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All Posts By Beatles Magazine


By Posted on 0 6

In the White Album era: “Blackbird,” Paul McCartney sang (if obscurely) in support of Civil Rights-era protesters. And John Lennon at least broached serious subjects on “Revolution 1.” In his own way, George Harrison did the same on “Piggies,” a song he began writing around the same time as “Taxman” (circa 1965-66). After getting little material on Sgt. Pepper’s and Magical Mystery Tour, George came back with four songs on the ’68 White Album.

With “Piggies,” George tried to tackle issues of capitalist greed (often framed as “income inequality” today). And despite the title and subsequent interpretation by Charles Manson it had nothing to do with the police or deranged cult concerns.
Since “Piggies” only contains three short verses and a vocal bridge, we don’t have a ton of material to sift through. But George’s simple, allegorical message is clear. With a nod to George Orwell’s 1984 (published 1945), George sings about a world in which some piggies are living it up while “life is getting worse” for others.

The big piggies have starched white shirts, eat dinner with their wives, and enjoy “backing.” In a verse George cut before recording “Piggies,” he even mentioned “piggy banks.” So it’s clear he was calling out the inequality between classes as he saw it in the mid-’60s.

In 1980, George spoke about its composition without going too in-depth. “‘Piggies’ is a social comment,” he said. He pointed to the phrase “damn good whacking” as referring to a spanking (“a hiding,” in George’s words).

About a decade earlier, Manson had interpreted the lyrics as the establishment (“piggies”) needing a shock (in the form of an assault, or “whacking”) with very specific weapons (in this case, the “forks and knives” Manson’s followers used in a murder).

George said ‘Piggies’ made no reference to police or other groups
Since The White Album hit record stores in November ’68, you can see why people might have thought a song titled “Piggies” would be a reference to the police. Law enforcement had assaulted countless protesters during the ’68 Democratic National Convention in Chicago that summer.

When the Walker Report was published, it described those events in Chicago as “a police riot.” And the police heard protesters calling them “pigs” at every turn. So you understand how some young people would imagine the biggest band of the ’60s was using the word in this way.

But that wasn’t the case. “It had absolutely nothing to do with American policemen or Californian shagnasties!” George said in 1980. While British bands touring the U.S. were often horrified by the levels of police violence, this White Album track wasn’t a response to any of that.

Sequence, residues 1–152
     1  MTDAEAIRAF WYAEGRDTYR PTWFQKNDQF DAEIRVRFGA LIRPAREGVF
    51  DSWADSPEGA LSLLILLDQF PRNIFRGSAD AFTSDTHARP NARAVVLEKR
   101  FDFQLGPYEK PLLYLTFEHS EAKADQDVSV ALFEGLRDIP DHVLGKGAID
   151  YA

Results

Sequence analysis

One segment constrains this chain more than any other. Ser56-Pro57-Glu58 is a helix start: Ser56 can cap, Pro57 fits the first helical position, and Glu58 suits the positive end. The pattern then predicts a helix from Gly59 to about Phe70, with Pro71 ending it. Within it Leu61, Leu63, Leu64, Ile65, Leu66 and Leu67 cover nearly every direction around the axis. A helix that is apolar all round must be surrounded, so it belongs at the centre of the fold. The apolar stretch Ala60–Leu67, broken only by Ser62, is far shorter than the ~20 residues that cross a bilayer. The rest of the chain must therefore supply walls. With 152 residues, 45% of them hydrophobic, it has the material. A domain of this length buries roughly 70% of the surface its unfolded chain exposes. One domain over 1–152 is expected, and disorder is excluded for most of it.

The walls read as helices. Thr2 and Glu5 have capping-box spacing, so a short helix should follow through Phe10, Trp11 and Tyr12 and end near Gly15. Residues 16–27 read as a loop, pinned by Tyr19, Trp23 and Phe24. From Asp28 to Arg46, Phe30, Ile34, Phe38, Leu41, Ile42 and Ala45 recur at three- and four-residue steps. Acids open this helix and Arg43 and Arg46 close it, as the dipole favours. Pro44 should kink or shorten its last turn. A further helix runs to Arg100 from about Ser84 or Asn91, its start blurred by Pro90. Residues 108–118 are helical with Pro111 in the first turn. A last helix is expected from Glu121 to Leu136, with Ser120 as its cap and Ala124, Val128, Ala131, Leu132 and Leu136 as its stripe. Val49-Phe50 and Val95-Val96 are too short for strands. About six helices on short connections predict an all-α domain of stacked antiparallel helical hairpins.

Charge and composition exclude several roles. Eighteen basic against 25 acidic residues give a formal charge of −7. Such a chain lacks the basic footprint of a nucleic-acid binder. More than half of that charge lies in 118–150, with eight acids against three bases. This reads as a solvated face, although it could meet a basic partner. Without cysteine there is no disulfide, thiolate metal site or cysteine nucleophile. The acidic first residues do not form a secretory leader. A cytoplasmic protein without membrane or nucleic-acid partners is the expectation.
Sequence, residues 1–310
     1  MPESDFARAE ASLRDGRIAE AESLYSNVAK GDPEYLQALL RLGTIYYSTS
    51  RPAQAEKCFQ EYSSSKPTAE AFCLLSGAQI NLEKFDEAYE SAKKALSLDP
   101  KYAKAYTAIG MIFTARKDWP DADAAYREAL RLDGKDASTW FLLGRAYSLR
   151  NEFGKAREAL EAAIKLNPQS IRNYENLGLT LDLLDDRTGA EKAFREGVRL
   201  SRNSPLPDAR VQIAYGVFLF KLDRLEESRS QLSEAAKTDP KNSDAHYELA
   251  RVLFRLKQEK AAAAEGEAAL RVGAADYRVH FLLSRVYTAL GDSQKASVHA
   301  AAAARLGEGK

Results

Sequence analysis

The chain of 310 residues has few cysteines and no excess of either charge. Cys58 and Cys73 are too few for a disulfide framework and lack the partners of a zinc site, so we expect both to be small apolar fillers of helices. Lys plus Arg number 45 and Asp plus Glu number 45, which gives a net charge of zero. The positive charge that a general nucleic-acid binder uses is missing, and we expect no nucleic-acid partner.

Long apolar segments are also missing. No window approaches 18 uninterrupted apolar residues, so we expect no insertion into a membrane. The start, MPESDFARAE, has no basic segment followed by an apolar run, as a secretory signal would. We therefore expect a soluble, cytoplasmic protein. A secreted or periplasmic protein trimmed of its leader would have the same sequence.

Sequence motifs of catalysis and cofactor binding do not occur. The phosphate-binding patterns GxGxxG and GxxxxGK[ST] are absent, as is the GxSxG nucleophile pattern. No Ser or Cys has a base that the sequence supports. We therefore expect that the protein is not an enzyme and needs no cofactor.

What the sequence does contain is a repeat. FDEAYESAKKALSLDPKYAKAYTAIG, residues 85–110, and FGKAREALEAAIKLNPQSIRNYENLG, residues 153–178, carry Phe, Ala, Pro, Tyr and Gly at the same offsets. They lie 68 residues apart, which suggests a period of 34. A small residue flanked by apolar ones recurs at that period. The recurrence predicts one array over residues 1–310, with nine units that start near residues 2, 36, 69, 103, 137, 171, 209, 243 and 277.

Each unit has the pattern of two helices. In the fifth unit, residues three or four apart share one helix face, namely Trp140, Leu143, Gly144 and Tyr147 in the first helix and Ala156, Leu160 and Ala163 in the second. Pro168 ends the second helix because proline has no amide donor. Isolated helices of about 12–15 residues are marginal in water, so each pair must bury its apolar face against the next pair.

By Posted on 0 4

“We never play to segregated audiences,” John Lennon said at the time. “I’d sooner lose our appearance money”

The Beatles’ September 1964 appearance at Jacksonville, Florida’s Gator Bowl was historic in more ways than one. As Beatlemania rolled across the United States during the band’s first American tour, Florida had been ravaged by Hurricane Dora, leaving many residents without electricity in the storm’s wake. But the lasting story that month involved the Beatles’ steadfast dismissal of the practices of systemic segregation that typified that era, particularly in the American South.

By that juncture, key forces were in play that would begin turning the tide on institutional racism. Only a few months earlier, as the landmark Civil Rights Act made its way through Congress, Martin Luther King, Jr., led nightly marches across St. Augustine, Florida, in protest against ongoing segregation in area schools. At the same time, there were hopeful signs of change in the offing. Later that year, King would earn a much-deserved Nobel Peace Prize for his nonviolent resistance to racism. A potent example of the era’s sociopolitical shifts occurred in April 1965, when Houston’s massive Astrodome opened as the first fully integrated facility of its kind in the southwest.

But in September 1964, the Gator Bowl wasn’t subject to such enlightenment. The stadium’s management adhered to standard practices at the time, which called for segregated seating, restrooms, and water fountains. For the Beatles, playing to a segregated audience was patently unacceptable. They had even included a rider for the September 11th concert that explicitly cited the band’s refusal to perform in a segregated facility.

At first, the promoters balked at the notion of adhering to the group’s demands. But the Beatles — John Lennon especially — made the band’s position clear in no uncertain terms. “We never play to segregated audiences,” he remarked at the time, “and we aren’t going to start now. I’d sooner lose our appearance money.” Lennon’s warning that the group would forgo a huge payday — the 32,000-seat stadium was sold out — carried the day, and the promoters relented.